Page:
Blood in urine: A cause for concern?

Finding blood in your urine might be alarming, but there are a number of possible, harmless causes. Nevertheless, to rule out serious illnesses, you should always let your doctor determine the cause of the bleeding.

Is it haematuria – or something else?

A red, pink, dark orange, or even brown colour might indicate various traces of blood in urine. But such changes  may not be due to the presence of blood. For example, certain foods and medications can affect your urine colour. If you have recently eaten a lot of beetroot or have started taking a new medicine, this could be the reason your urine has changed colour. If there really is blood in the urine, the medical term for this phenomenon is haematuria. When the urine has red, reddish, pink or brownish tones, it is called gross haematuria. But even if the urine is red in colour, this doesn’t necessarily mean it contains a large amount of blood – it only takes a little blood to make urine red. However, sometimes there can be blood in urine without it being visible to the naked eye. When the concentration of red blood cells in the urine is so low that it can only be detected by testing in a laboratory, it is called microhaematuria.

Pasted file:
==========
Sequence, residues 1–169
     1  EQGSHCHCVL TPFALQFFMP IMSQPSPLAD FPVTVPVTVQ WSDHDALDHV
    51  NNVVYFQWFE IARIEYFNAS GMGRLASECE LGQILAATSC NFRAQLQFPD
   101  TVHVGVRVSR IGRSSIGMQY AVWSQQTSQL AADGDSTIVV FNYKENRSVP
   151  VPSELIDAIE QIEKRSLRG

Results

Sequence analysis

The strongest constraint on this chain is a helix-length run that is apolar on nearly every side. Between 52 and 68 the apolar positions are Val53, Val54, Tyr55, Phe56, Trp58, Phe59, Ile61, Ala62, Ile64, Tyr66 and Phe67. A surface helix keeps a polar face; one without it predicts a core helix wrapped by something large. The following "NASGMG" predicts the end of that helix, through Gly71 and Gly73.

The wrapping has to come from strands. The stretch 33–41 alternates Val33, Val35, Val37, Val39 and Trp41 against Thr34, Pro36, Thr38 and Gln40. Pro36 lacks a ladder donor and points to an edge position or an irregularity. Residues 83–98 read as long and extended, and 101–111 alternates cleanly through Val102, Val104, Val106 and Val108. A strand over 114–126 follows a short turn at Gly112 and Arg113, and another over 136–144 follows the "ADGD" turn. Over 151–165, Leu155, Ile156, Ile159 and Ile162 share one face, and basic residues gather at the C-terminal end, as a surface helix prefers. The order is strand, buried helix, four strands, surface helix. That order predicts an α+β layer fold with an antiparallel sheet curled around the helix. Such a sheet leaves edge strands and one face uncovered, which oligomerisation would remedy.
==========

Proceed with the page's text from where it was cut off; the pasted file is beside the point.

How doctors test for blood in the urine

If your urine is red, and the discoloration is not likely due to certain foods, menstruation or medication, you should always consult a doctor. The doctor will analyse a urine sample to verify if there are red blood cells in the urine. The analysis can also, for example, show whether there are signs of inflammation, or if levels of protein in the urine are enhanced. All of these aspects can point the way to further diagnosis. Often, it is not possible to make a clear diagnosis by only examining the urine. In this case the doctor will order further examinations, such as a medical ultrasound of the kidneys or bladder.

Causes for blood in urine

Blood in the urine can be one of many symptoms,  caused by a variety of diseases or conditions. Most of these diseases are fairly common and have no malignant course, which means they can either be treated or cured. Possible underlying diseases and reasons for blood in urine can include:
  • Urinary tract infections. If bacteria enter the urinary tract, the cause of bloody urine can be an infection of the lower urinary tract. Sometimes, the infection can spread further up to the kidney(s). Other symptoms, for example, can be pain and burning when urinating, dull pain in the kidney, strong-smelling urine, fever or fatigue. Symptoms will get worse if the bacteria spread further up to the upper urinary tract. 
  • Bladder or kidney stones. Mechanical irritation from foreign bodies in the urinary tract can cause blood in the urine. For example, certain urinary components – which usually crystallize and are frequently flushed out – can sometimes form crystals, which over time become small bladder or kidney stones. If they become too big, they stick in the ureter or bladder and can often cause reddish urine and severe pain.